Mobile telemedicine company Doctor on Demand has found a promising new use for its technology platform — enabling customers to have virtual visits with a mental health professional.
The San Francisco-based startup has completely redesigned its app to reflect the expansion of its services to mental health. It has also set up a whole new network of mental health professionals in all 50 states to answer customers’ calls. In total, the network consists of 300 licensed therapists.
Providers must have a PhD or an MD behind their name to participate. They also have to commit to 15 hours a week to take calls on the service.
Unlike Doctor on Demand’s virtual medical doctor visits, the mental health sessions aren’t “on demand.” Rather, they’re scheduled in advance. Customers can, however, specify in their request that they’d like a same-day therapist meeting, Doctor on Demand cofounder and CEO Adam Jackson told VentureBeat.
Another difference is that customers can choose their therapist for mental health sessions, while in the medical part of the app, a doctor is chosen for them.
The mental health sessions cost $50 for 25 minutes (Doctor on Demand takes $10 of it), or $95 for a full 50-minute meeting (Doctor on Demand takes $15).
A virtual therapist meeting starts with the customer answering a few logistical and demographic questions in the app. The customer is then asked a series of questions about the mental health issue or issues he or she is seeking help with. The app might ask how often the person is experiencing anxiety, for example. Then the customer selects the duration of the meeting, inputs payment information, and the session begins.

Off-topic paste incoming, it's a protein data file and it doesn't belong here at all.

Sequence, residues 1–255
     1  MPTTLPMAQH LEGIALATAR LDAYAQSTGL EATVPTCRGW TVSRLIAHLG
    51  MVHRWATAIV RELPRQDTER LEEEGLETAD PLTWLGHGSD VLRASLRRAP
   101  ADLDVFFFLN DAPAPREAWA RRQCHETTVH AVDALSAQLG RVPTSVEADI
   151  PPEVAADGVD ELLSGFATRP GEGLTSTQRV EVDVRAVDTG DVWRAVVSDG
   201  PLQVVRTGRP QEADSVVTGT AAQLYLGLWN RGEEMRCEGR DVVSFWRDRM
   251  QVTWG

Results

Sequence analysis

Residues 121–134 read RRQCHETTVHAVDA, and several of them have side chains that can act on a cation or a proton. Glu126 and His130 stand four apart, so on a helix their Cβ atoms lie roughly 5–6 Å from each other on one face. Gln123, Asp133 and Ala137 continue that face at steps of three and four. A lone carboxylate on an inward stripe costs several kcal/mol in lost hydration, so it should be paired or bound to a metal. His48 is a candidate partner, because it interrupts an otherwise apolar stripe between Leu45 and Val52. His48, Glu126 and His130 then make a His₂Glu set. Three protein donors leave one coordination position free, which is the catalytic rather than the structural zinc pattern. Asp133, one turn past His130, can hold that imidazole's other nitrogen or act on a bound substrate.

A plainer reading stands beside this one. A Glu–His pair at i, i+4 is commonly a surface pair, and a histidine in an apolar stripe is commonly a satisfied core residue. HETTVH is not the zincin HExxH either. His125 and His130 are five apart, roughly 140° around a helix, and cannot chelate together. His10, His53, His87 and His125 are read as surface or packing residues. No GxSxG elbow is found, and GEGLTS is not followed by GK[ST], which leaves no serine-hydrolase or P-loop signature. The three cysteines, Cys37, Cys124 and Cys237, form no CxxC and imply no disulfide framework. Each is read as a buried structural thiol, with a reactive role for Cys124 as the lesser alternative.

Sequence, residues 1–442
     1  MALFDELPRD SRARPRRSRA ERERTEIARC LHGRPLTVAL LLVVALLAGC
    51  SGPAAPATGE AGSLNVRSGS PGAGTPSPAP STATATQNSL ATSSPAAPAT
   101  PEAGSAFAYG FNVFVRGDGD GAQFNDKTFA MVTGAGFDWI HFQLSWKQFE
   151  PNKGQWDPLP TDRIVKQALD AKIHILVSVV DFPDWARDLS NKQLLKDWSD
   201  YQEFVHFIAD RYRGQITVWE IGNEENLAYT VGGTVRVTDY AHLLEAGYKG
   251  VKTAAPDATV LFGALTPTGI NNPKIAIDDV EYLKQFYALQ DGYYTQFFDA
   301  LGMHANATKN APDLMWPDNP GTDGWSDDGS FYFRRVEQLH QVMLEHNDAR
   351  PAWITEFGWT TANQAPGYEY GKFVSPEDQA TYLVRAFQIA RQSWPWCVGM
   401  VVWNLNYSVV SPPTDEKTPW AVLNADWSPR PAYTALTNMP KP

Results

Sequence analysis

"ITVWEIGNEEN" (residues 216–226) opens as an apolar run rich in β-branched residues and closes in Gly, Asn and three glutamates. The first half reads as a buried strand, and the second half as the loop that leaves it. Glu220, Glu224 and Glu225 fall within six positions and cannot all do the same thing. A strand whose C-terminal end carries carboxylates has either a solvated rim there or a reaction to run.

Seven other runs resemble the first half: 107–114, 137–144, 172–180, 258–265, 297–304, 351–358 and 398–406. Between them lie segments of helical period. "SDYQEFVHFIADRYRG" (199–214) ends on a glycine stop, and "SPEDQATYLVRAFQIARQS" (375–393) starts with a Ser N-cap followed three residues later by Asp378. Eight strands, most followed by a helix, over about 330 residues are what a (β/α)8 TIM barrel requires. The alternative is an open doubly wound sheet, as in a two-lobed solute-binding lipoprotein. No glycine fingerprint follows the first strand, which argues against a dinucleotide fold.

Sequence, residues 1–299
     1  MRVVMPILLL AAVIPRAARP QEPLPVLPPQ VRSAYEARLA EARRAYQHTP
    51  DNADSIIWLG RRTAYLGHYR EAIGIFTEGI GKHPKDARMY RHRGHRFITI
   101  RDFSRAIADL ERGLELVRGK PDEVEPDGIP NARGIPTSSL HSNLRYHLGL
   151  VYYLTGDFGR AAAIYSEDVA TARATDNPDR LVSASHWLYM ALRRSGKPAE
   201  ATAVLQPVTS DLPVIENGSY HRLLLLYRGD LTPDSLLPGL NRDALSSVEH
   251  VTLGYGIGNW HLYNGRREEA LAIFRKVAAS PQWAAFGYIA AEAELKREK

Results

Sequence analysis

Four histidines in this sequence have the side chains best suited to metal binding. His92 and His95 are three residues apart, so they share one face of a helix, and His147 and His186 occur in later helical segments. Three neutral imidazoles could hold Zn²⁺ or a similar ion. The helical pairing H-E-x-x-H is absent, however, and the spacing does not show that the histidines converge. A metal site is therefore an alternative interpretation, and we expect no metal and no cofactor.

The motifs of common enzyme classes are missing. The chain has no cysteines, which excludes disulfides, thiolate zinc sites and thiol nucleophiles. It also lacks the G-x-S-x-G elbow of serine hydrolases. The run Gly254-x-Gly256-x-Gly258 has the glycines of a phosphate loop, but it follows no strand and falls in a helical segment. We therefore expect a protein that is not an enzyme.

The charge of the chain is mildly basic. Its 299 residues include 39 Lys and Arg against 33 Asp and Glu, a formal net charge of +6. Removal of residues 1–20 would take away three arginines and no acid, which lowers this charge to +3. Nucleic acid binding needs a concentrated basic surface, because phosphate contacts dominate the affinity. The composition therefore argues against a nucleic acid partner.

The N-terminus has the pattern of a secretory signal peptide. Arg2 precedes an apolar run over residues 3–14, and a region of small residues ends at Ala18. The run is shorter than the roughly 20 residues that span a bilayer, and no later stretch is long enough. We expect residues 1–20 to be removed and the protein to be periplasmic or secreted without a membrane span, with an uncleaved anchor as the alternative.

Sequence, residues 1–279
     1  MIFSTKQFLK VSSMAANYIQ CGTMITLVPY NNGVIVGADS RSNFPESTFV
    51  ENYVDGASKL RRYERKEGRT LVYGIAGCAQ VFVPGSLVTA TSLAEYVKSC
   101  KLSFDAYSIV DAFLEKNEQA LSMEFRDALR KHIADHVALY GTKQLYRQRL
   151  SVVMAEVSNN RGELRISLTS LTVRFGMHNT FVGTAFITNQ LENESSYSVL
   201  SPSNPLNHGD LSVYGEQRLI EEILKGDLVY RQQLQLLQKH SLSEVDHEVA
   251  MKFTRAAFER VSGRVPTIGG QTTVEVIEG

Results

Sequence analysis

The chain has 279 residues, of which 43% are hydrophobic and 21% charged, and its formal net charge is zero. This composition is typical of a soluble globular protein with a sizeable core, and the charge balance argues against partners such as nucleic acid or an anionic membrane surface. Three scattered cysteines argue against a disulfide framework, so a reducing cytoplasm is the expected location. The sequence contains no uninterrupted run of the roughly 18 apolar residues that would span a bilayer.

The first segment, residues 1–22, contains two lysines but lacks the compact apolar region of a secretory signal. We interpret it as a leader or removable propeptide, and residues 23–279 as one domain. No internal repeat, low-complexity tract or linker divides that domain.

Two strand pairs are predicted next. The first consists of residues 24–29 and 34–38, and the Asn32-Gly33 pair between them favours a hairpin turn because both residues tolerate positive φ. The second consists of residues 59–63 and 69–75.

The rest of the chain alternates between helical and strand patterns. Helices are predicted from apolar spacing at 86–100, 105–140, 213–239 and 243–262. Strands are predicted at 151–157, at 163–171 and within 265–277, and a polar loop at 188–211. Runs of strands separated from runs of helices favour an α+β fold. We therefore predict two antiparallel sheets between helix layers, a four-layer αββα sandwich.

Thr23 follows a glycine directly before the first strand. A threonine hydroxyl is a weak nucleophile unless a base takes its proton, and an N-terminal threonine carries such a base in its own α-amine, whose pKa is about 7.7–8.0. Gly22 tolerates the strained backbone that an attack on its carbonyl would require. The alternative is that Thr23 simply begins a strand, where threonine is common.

According to the CDC, 50 percent of Americans will experience mental and emotional health issues at some point in their lives, but only 40 percent receive treatment.
Virtual mental health visits might help clear away a common barrier to getting help for mental health issues, said Doctor on Demand chief medical officer Dr. Pat Basu. Many people — especially men — tend to ignore mental health problems, and/or self-medicate with drugs or alcohol. More people might receive proper care if all they had to do was launch an app, Basu said.
Doctor on Demand is also launching virtual lactation consultant visits for nursing mothers in cooperation with UpSpring. New moms often get just a short training session on how to breastfeed — usually at the hospital right after the baby is born — and they often have questions later on, Jackson explains. The cost of a video visit with a Doctor on Demand/UpSpring lactation consultant is $40 for a 25-minute session and $70 for a 50-minute session.
Doctor on Demand offers its services directly to consumers as well as through employers, health systems, and health plans. The company, which was founded by Jackson and (Dr. Phil’s son) Jay McGraw in 2012, has raised $24 million from Venrock, Shasta Ventures, Andreessen Horowitz, Google Ventures, Lerer Ventures, angel investor Sir Richard Branson, and Athena Health CEO Jonathan Bush.
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